I’m not talented. No one is. Talent implies some divine deity bestowed a gift to me that I didn’t have to work at. I wasn’t born an experienced musician, but the hours that I’ve put into the craft give me that experience. This is the other message I have for any learners: our mindset dicates how far you can take your musical journey. Your thoughts tell you your story.

I hear this often in lessons. “This is too hard”, or “I’m just not good enough”, or “if only I started when I was 6 taking lessons, then I’d be good now”. These few word sentences are stories, and we often tell ourselves these stories over and over and over again. They become our story, our reality. The story ends, but is played on a loop. Again, and again, and again.

But what if we changed our stories to “this is challenging, but with more time, I’ll get it”, or “I’m not where I want to be yet musically, but I’ll continue to strive toward what I want to be”, or “this is what I’m capable of now, and I take stock of my accomplishments and will continue to add to them”. These stories don’t end. They are ever evolving. They have substance. They don’t just stop.

So, in a roundabout way, this is where I am now. Even for teaching, I continue to write and edit my story of what I want to be as an educator. In anything really. I literally can do whatever I want to artistically, professionally, etc. It just depends on how much time one has/wants to invest in it. I cannot create professional singers, or guitarists, or composers. But with time, anyone can create the artist within themselves. Any student can write the story in their own mind. Once in the mind, it can manifest itself in any way imaginable.

This is but a small sample of my story. A chapter. I don’t have all the answers. I’m not even sure I could give sound advice to a new incoming Teaching Artist. My style is different than everyone else’s. Maybe the only advice I could give would be to be kind to yourself. Teaching is, an art. Like anything, it needs to be practiced, tried, retried, reworked, adjusted. No one is born a ‘gifted’ educator. But I’ve learned and received some gifts along the way from my colleagues and mentors and teachers. This is why I’m happy to be a part of the Maine Art Leadership Initiative as a Teaching Artist Leader. I can learn from other’s experiences, and they can learn from mine.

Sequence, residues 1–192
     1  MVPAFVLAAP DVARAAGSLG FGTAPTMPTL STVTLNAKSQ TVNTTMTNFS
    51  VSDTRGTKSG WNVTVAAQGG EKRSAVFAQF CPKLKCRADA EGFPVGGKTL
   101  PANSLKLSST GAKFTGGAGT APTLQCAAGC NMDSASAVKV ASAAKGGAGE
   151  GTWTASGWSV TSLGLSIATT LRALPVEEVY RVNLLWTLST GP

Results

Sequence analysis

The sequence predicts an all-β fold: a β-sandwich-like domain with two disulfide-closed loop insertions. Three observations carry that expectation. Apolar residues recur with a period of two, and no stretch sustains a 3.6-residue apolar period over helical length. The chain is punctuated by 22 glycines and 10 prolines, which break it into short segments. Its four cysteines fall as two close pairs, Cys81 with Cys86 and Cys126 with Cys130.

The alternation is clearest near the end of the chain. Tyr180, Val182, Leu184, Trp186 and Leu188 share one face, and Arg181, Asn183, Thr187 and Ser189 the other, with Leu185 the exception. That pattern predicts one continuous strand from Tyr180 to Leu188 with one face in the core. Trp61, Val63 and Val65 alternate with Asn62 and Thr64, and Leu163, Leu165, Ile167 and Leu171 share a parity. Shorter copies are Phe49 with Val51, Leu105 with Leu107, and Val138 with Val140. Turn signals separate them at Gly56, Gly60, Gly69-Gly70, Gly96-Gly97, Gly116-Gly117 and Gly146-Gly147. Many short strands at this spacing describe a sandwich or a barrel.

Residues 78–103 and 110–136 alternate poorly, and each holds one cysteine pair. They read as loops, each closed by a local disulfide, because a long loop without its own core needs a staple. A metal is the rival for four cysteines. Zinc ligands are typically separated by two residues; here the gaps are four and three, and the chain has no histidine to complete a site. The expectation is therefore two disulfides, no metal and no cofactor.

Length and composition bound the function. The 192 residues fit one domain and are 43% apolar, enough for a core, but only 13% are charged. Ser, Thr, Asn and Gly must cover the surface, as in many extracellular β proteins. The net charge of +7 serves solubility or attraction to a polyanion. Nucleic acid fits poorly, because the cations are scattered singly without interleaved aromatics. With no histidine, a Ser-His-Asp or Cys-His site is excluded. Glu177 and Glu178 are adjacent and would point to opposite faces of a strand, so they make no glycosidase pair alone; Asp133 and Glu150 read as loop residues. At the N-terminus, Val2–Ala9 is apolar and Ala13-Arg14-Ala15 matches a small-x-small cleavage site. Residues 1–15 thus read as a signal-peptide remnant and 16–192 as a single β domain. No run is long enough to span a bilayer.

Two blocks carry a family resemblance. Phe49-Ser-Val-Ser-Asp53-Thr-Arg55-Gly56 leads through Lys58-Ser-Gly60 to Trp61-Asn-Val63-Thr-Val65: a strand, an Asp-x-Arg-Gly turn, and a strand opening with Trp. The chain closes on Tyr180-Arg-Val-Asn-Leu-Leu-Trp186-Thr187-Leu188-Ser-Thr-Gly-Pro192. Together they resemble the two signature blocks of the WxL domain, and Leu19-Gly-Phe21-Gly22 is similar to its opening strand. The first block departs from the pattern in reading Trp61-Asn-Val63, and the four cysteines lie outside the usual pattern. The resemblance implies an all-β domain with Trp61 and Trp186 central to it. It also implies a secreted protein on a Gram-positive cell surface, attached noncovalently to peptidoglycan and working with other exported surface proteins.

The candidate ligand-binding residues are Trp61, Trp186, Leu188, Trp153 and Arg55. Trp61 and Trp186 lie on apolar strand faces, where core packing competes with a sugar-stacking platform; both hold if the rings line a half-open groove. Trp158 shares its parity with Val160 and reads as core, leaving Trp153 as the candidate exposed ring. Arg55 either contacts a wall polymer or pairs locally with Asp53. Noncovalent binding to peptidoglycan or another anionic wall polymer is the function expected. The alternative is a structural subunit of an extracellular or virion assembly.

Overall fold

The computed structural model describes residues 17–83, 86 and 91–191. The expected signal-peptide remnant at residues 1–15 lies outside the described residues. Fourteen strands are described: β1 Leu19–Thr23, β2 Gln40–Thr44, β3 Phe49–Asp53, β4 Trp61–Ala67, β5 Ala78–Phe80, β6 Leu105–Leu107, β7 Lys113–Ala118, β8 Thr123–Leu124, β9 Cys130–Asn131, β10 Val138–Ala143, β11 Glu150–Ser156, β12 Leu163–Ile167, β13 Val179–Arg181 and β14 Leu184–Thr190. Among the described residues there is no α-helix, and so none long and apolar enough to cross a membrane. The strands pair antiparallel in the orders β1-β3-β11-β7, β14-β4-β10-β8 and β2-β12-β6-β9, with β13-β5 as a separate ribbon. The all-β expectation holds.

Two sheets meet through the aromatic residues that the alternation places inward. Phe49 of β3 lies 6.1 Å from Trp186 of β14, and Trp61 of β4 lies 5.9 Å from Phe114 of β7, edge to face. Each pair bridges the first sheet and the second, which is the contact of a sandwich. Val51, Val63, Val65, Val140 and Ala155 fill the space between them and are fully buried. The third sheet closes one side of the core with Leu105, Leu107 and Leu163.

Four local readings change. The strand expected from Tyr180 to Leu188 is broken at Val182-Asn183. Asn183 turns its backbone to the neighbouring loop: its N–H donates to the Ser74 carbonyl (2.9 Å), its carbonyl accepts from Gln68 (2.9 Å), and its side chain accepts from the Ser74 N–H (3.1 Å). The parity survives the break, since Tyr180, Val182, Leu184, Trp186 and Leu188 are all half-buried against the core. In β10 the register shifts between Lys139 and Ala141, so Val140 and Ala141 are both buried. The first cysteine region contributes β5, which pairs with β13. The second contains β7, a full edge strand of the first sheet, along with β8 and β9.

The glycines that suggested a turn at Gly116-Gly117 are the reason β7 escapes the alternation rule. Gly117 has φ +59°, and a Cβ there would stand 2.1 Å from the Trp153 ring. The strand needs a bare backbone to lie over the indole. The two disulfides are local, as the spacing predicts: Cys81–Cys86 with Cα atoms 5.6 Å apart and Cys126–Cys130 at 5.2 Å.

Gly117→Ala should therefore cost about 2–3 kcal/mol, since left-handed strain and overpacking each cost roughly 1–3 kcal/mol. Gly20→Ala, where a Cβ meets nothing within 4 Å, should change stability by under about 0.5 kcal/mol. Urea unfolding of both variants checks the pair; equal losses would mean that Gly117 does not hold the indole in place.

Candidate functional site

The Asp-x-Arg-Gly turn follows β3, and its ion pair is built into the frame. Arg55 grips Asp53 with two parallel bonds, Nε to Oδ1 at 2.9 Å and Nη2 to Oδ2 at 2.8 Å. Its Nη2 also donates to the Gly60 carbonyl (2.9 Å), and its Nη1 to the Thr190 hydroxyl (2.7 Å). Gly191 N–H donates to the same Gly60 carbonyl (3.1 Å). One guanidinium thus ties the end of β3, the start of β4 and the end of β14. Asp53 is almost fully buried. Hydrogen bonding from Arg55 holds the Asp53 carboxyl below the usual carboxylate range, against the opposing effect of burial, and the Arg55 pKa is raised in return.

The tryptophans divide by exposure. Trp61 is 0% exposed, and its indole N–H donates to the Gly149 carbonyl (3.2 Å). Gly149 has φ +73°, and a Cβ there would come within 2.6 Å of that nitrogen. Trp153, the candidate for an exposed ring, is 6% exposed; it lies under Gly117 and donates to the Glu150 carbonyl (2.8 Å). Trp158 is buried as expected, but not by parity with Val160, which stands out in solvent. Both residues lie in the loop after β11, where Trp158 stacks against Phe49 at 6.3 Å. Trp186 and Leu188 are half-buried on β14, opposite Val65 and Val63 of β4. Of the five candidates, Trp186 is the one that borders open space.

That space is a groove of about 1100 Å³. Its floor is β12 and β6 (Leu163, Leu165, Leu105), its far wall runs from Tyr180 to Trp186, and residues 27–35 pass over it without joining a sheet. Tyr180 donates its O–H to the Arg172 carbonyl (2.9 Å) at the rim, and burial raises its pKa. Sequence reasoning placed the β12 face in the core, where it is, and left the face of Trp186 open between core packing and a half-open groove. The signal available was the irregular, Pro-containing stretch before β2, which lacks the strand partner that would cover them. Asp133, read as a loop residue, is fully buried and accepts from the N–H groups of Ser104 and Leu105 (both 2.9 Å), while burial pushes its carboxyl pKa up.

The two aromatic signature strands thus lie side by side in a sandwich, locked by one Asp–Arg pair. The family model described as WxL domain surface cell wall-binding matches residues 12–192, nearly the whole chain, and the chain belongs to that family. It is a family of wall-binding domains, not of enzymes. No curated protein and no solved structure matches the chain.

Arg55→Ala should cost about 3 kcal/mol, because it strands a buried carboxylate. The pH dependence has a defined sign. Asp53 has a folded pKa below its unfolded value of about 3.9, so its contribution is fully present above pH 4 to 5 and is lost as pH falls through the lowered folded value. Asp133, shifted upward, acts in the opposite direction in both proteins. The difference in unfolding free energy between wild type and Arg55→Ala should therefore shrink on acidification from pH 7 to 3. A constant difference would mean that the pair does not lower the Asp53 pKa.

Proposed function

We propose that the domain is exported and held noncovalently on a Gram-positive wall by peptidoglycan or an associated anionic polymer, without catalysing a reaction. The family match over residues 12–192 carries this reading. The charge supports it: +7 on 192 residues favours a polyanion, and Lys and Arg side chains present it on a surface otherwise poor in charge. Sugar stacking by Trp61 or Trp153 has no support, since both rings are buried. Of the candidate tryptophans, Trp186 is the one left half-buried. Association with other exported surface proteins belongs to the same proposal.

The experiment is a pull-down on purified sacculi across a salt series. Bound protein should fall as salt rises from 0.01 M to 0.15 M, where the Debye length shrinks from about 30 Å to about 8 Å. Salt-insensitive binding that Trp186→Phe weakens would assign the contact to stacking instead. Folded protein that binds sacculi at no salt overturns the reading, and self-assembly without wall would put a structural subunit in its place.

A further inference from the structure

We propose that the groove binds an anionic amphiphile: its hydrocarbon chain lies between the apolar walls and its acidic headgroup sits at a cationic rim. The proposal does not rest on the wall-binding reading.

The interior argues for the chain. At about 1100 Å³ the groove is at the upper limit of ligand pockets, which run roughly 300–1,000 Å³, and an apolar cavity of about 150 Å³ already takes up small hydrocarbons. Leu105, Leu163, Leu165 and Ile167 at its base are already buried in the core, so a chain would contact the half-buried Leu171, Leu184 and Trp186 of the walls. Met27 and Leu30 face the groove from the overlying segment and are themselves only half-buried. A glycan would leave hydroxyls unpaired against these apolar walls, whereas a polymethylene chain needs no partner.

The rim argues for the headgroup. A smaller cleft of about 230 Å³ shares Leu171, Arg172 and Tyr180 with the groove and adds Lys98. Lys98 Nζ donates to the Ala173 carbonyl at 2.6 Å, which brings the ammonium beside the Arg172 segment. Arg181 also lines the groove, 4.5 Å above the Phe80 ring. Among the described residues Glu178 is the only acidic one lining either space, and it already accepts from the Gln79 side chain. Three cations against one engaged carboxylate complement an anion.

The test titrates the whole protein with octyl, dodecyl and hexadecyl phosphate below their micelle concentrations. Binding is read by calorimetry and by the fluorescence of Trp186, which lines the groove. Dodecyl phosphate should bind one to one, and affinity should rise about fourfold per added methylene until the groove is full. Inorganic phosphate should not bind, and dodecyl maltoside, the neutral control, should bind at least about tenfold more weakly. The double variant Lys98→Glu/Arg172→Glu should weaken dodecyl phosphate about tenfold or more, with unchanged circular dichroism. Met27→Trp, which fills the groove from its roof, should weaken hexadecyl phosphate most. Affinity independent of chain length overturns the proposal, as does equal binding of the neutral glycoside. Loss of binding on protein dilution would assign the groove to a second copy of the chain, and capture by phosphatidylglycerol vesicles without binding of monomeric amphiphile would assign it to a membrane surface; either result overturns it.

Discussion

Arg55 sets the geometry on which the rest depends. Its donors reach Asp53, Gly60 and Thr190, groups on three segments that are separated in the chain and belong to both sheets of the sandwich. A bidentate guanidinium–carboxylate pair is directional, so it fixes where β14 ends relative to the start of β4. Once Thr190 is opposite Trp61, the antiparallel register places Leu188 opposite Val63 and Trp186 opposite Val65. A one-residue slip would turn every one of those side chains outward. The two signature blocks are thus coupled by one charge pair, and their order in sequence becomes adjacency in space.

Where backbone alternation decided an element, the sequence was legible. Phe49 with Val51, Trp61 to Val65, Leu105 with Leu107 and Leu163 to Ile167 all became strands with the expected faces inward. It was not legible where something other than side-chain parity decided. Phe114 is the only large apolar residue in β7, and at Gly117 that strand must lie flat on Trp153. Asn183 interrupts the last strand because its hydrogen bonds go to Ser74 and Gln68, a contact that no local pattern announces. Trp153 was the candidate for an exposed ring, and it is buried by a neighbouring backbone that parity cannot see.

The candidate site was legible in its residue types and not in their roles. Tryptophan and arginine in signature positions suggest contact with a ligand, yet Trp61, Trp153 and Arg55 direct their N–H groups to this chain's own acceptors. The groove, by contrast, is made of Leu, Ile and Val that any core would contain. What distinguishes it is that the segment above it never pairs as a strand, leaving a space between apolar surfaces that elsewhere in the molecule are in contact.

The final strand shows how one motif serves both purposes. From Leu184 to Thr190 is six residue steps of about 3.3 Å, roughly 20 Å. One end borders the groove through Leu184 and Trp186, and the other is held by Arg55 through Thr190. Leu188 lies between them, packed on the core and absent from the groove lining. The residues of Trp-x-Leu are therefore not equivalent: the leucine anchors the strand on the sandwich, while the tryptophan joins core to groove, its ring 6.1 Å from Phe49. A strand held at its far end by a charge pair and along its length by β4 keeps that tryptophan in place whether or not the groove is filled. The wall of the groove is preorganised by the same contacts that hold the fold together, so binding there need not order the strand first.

What I learn from my colleagues and students in the coming years will all be included in the next chapter of my story.

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Midcoast Music Academy

February 20, 2019

Creating new music

Midcoast Music Academy (MCMA) provides strong opportunities for learners of all ages to learn music and in addition, they support and encourage ‘out of the box’ thinking.
An example of this recently took place when instructors Tom Luther and Joe Cough co-taught a lesson with the intention of coaching students to create a new piece of music. Tom and Joe are both Teaching Artists Leaders with the Maine Arts Leadership Initiative (MALI). The students, Cameron Pinchbeck (alto sax) and Aili Nell Charland (guitar), improvised and performed an amazing piece. They started with Cyndi Lauper’s “Time After Time”, and their improvisation took them to a totally new work. Tom said: “I think that this is a great example of what can happen when you give students choice, and help them to believe that their story is worth telling.”

LINK TO THEIR PIECE

Midcoast Music Academy (MCMA) is a community music school founded in January 2012 and located in downtown Rockland, Maine that provides the highest quality music instruction to students of all ages and skill levels in a fun, relaxed, and creative environment. MCMA emphasizes access to music education regardless of financial constraints and combines the fundamentals of music – theory, notation, and ear training – with a contemporary approach to learning. At MCMA, we believe students should learn to play what they love and love what they play.